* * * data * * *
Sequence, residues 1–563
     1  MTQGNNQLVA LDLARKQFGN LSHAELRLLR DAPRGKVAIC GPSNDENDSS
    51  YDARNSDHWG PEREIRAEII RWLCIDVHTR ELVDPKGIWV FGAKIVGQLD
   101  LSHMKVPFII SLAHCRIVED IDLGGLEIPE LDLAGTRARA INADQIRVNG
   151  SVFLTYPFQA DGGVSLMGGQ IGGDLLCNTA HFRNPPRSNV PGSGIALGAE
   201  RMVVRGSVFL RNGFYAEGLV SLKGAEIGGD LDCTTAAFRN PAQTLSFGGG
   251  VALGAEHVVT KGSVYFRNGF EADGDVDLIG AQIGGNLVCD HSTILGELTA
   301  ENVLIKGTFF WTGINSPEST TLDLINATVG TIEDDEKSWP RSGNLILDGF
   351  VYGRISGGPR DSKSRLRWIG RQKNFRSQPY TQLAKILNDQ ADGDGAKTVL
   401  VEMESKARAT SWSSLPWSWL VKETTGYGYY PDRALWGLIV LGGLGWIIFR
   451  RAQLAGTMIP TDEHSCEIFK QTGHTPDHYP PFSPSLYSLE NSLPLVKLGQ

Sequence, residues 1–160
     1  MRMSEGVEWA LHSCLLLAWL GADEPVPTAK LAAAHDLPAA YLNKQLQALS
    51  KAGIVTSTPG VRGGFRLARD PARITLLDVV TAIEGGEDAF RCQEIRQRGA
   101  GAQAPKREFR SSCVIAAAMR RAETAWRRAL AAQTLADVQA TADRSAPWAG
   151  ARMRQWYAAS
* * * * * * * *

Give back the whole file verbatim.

Sequence, residues 1–563
     1  MTQGNNQLVA LDLARKQFGN LSHAELRLLR DAPRGKVAIC GPSNDENDSS
    51  YDARNSDHWG PEREIRAEII RWLCIDVHTR ELVDPKGIWV FGAKIVGQLD
   101  LSHMKVPFII SLAHCRIVED IDLGGLEIPE LDLAGTRARA INADQIRVNG
   151  SVFLTYPFQA DGGVSLMGGQ IGGDLLCNTA HFRNPPRSNV PGSGIALGAE
   201  RMVVRGSVFL RNGFYAEGLV SLKGAEIGGD LDCTTAAFRN PAQTLSFGGG
   251  VALGAEHVVT KGSVYFRNGF EADGDVDLIG AQIGGNLVCD HSTILGELTA
   301  ENVLIKGTFF WTGINSPEST TLDLINATVG TIEDDEKSWP RSGNLILDGF
   351  VYGRISGGPR DSKSRLRWIG RQKNFRSQPY TQLAKILNDQ ADGDGAKTVL
   401  VEMESKARAT SWSSLPWSWL VKETTGYGYY PDRALWGLIV LGGLGWIIFR
   451  RAQLAGTMIP TDEHSCEIFK QTGHTPDHYP PFSPSLYSLE NSLPLVKLGQ

Sequence, residues 1–160
     1  MRMSEGVEWA LHSCLLLAWL GADEPVPTAK LAAAHDLPAA YLNKQLQALS
    51  KAGIVTSTPG VRGGFRLARD PARITLLDVV TAIEGGEDAF RCQEIRQRGA
   101  GAQAPKREFR SSCVIAAAMR RAETAWRRAL AAQTLADVQA TADRSAPWAG
   151  ARMRQWYAAS